CROSSCUT ASIA is an online film festival co-hosted by the Japan Foundation Asia Center and the Tokyo International Film Festival (TIFF), which will be held from January 21 to February 3, 2022. As a related project, we will start a series of articles to deepen your interest in Southeast Asian food. The five-part series will focus on the food culture of five countries. The fifth country is the Republic of Indonesia. We were specially invited to the Residence of the Ambassador of Indonesia to talk with the resident chef.
The official residence of the ambassador of the Republic of Indonesia, located in Ikedayama, which has been known as the “Jonan-gozan” since the Edo period (1603-1868), is a majestic Western-style building that stands out from the many other famous buildings in the area. After being welcomed by the ambassador’s wife, Mrs. Nuning Akhmadi, and given a tour of the residence, we went to the kitchen to talk with Mr. Anwar, the ambassador’s personal chef.
Traditional Indonesian textiles, paintings, and objects featuring the Garuda, the national emblem of the Republic of Indonesia, are displayed throughout the official residence. The ambassador’s wife, who is also an expert in textiles, gave us a detailed explanation of the history and attention to detail.
On the day of our interview, Mr. Anwar, the resident chef, prepared for us a traditional Indonesian soup dish called Soto Ayam. Soto Ayam is a soup made by simmering vermicelli with chicken, lemongrass, ginger, galangal (a spice from the ginger family), and lime leaves, then adding garlic, scallions, and celery to taste.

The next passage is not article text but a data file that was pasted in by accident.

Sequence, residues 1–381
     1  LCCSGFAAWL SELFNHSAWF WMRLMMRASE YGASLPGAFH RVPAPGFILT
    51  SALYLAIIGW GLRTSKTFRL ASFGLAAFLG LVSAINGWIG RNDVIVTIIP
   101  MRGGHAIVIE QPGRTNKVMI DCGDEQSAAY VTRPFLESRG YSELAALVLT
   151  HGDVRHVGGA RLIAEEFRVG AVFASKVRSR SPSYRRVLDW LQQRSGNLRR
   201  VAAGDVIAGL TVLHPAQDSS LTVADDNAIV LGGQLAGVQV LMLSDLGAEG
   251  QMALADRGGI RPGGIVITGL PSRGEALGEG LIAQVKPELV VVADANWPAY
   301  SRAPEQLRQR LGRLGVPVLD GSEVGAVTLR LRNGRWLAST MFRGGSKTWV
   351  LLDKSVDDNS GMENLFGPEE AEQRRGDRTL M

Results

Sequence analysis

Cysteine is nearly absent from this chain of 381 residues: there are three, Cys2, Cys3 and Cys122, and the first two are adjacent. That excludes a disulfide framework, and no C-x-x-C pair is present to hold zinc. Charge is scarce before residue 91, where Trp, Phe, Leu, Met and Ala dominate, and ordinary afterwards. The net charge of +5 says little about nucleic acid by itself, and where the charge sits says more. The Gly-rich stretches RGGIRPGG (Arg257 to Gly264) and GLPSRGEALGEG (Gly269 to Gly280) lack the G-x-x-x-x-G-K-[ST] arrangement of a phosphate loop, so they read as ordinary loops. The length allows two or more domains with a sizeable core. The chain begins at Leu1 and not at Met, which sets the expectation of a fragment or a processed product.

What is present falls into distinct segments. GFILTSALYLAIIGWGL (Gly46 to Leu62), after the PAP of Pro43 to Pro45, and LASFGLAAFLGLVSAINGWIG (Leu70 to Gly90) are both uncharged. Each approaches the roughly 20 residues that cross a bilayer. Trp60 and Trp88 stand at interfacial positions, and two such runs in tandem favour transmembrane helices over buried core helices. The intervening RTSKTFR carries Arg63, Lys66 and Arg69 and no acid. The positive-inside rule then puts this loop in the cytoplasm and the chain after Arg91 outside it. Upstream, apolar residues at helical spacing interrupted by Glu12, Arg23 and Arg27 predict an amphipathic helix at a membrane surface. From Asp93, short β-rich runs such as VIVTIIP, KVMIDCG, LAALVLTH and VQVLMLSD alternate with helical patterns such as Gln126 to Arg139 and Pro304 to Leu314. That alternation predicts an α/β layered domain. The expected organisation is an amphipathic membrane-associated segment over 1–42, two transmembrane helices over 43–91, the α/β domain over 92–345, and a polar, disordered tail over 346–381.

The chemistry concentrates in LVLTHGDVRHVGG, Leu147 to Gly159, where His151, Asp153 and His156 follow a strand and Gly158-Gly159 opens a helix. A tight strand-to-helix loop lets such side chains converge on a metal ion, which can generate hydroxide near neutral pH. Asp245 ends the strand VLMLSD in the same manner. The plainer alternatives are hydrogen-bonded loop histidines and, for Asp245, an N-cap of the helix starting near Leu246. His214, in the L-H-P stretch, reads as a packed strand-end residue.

Soto means “soup” and Ayam means “chicken.” The Republic of Indonesia consists of many islands. Each island and each area, such as Java, Bali, Sumatra, etc., has its own unique Soto, and Soto Ayam I made today is a recipe from East Java. Soto from Bandung in West Java, where I was born and raised, uses beef for the broth, and radish and beans are added.
The Republic of Indonesia is made up of more than 13,000 islands. With this diversity in mind, what does Mr. Anwar think of Indonesian cuisine?
It would be difficult to describe it in one word. Indonesians like spicy food so much that they eat chili peppers raw, so you could say that “spicy spices” are the characteristic of Indonesian food, but on the other hand, sweet seasonings such as brown sugar and sugar cane are also widely used. As an island nation, the fishing industry is also thriving, and each island has its own way of preparing fish. I believe that these things that cannot be expressed in a single word, these variations, are what Indonesian cuisine is all about. That is why when I serve meals at the ambassador’s residence, I try to serve as many dishes as possible from as many islands as possible so that people can enjoy them all as “one Indonesian dish.
Soto Ayam was also served with a shrimp cracker called Koya. You can eat it as it is, or dip it in the soup, each person can enjoy it in a different way.
Mr. Anwar said that he has a policy that is important to him when he cooks at the Ambassador’s residence.
As the ambassador’s personal chef, I am in charge of cooking a wide range of meals, from daily meals for the staff working at the ambassador’s residence to dinners for VIP guests. No matter who the guest is, there is no difference in the dishes I prepare. It’s my commitment to listen to their preferences and respond to their requests.